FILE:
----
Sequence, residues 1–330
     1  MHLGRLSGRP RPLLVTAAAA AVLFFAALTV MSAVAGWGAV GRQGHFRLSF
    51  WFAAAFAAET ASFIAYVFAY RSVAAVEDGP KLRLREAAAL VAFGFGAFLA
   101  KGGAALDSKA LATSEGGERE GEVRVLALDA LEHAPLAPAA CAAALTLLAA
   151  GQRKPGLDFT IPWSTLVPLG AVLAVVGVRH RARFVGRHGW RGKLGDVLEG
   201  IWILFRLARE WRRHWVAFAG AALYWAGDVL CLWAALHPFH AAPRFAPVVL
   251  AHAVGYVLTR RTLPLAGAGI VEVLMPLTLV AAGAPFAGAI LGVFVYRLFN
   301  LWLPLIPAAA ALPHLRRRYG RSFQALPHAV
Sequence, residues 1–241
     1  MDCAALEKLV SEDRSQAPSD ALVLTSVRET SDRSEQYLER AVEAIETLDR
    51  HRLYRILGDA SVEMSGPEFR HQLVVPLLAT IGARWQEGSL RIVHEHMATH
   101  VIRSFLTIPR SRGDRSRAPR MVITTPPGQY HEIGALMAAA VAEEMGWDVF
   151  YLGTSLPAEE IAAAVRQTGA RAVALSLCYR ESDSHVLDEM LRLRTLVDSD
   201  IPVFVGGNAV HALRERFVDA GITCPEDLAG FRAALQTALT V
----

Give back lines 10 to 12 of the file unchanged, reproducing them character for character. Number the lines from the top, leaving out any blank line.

     1  MDCAALEKLV SEDRSQAPSD ALVLTSVRET SDRSEQYLER AVEAIETLDR
    51  HRLYRILGDA SVEMSGPEFR HQLVVPLLAT IGARWQEGSL RIVHEHMATH
   101  VIRSFLTIPR SRGDRSRAPR MVITTPPGQY HEIGALMAAA VAEEMGWDVF